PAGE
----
New research from consumer intent firm Prosper Insights and Analytics points to several social and shopping behavioral changes that consumers have made since March when a national emergency was declared concerning the novel coronavirus disease outbreak.
Sweeping social and consumption changes may indicate a new direction is emerging for the marketplace. The data provides some insights into how the pandemic has affected the emotions, shopping patterns and social practices of Americans. These critical data points unfiltered straight from the consumer are the green shoots of change every business and even government official needs to take note of.
The continuous urging of compliance to the Coronavirus guidelines each day is showing traction among consumers.
A large majority of consumers are responding to the guidelines.
- 72 percent agree/strongly agree with the belief that it is time to make self-sacrifices for the good of the country in order to defeat the pandemic.
- 71 percent of all people 18+ are practicing social distancing and for those over 65 years old is even higher at 84.7 percent while those 35-44 years old is 58.9 percent.
- 74 percent report they are avoiding shaking hands but those 35-44 again lag at 64.9 percent
- 77 percent meet the “washing hands more” often element of the Guidelines and those over 65 lead the way with 90.2 percent while only 64 percent of the 35-44 year olds practice this.
- 62 percent say they are using a hand sanitizer more often with those 65+ at 68 percent and women trail close behind at 66.4 percent.
- Wearing a mask in public was recently recommended by the CDC as part of the Guidelines and 23.9 percent say they are already doing so and interestingly 30.1 percent of those in the 18-24-year-old age group are doing so.
The emotional impact is being felt through several areas of people’s lives
- 79 percent in April are extremely concerned/very concerned about the coronavirus which jumped from March when 44.9% said same.
- 33 percent are anxious about contracting the coronavirus and the 18-24 year olds are most anxious 36.2% followed by 65+ 33.7 percent.
- 15 percent know someone who has or had the coronavirus with 18-24 being the age group with highest percentage 17.6 percent and 65+ lowest 9.5 percent.
- 2 percent report they have tested positive led by the 35-44-year-old cohort 5.3 percent testing positive.
- 22 percent say they are experiencing anxiety from being confined to their house, 18-24 year olds are most anxious 32.7 percent and 65+ least anxious 16.4 percent. The Northeast is the most anxious from being confined to their homes 24.9 percent and those in South least anxious 19.4 percent.
- 24 percent are praying more and focusing on spiritual guidance.
- 19 percent worry about running out of money with 18-24 leading in money worries 32.4 percent and 65+ lowest 10.3 percent.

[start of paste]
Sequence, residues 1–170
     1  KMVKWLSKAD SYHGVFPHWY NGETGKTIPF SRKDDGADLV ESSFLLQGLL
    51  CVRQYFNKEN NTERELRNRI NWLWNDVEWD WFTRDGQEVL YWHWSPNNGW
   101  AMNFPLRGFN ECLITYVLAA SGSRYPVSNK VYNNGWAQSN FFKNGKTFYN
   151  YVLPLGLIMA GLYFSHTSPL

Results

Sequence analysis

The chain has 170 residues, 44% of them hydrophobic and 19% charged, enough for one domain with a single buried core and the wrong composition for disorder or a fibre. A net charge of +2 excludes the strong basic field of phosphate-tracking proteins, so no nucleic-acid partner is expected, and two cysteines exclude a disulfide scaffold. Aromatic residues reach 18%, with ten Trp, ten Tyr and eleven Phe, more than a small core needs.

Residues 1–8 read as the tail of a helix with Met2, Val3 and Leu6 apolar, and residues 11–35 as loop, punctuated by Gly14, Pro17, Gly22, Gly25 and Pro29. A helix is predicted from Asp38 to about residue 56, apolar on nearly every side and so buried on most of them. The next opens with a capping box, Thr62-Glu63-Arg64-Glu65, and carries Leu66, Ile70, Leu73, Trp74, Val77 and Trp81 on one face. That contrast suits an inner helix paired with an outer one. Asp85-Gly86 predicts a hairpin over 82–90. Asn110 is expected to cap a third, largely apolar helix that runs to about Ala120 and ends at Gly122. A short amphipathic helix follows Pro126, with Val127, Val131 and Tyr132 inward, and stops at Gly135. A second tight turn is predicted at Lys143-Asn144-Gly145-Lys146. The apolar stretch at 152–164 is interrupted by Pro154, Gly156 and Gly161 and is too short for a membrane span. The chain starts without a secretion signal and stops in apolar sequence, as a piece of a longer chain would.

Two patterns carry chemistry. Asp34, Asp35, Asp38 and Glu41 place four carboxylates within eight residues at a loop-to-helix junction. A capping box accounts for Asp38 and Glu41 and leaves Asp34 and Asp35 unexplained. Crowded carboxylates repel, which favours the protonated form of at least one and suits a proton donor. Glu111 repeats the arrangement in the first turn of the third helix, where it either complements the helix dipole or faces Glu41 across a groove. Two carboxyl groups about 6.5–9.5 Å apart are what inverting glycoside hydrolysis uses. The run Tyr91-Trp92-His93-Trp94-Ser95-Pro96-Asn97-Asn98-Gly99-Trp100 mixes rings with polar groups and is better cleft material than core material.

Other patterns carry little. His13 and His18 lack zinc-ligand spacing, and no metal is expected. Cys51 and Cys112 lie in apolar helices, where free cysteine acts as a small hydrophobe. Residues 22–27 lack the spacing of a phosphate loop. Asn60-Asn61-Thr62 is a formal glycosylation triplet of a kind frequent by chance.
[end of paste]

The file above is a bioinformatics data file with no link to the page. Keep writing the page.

- 10 percent are having trouble paying bills, 14.7 percent of 18-24 say same while 4.2 percent of 65+ are.
- 44 percent now say they are very or somewhat pessimistic that the government will be able to solve the coronavirus issue, in March pessimism was 35.4 percent.
Views on the economy have also taken a drastic turn since March
- 32 percent in April are confident/very confident in the economy, in March 53.6 percent were. However, the April reading is not as bad as the October 2008 confidence level which was at 19 percent confident/very confident.
- 86 percent in April said yes to the Coronavirus impacting the economy a big jump from March’s 51.9 percent.
- 18 percent say have been laid off during the coronavirus outbreak, and 25.7 percent of 18-24 year olds have been laid off.
- 68 percent of those laid off are not receiving sick leave pay.
- 17 percent used to work away from home but are now working from home.
- 60 percent believe US companies have been too reliant on manufacturing critical products like medicines and medical equipment overseas.
- 56 percent think the economy will rebound to pre-Covid-19 levels, 13.3 percent say it won’t, and 30.5 percent are uncertain.
- 54 percent believe it will take from 7 months to 2 years for the economy to recover.
April shopping behaviors have also changed from March driven by consumer concerns
- 72 percent of the concerned consumers in April are shopping less in stores in March only 23.9 percent said same.
- 37 percent of the concerned consumers in April are shopping online more versus only 17.7% said they were in March. Also, over 40 percent of 18-44 year olds are shopping online more.
- 30 percent plan to shop more online in the future, even 28.3 percent of those 65+ say so and 33.8 percent of 18-24 year olds.
- 49 percent agree/strongly agree that their purchasing behaviors in the future will change and the biggest groups for change are those 35-44 and women.
Social distancing—a word not in the vernacular until March—may have long term impact
- 52 percent believe social distancing in the workplace will become policy.
- 55 percent agree/strongly agree they will change their social behaviors in the future, while 40.9 percent think things will go back to way they were before the pandemic.
“The responses from consumers provide signals for potential changes in the marketplace and socially. Leaders in business and public policy should pay close attention to the current state and future intentions of consumers. When the pandemic ends, and it will end, anticipating and planning for a new normal that may emerge led by the consumer will determine success.” said Phil Rist, VP of Prosper Insights & Analytics, in a news release.
Prosper Insights and Analytics conducted this survey of over 8200 consumers April 1-6.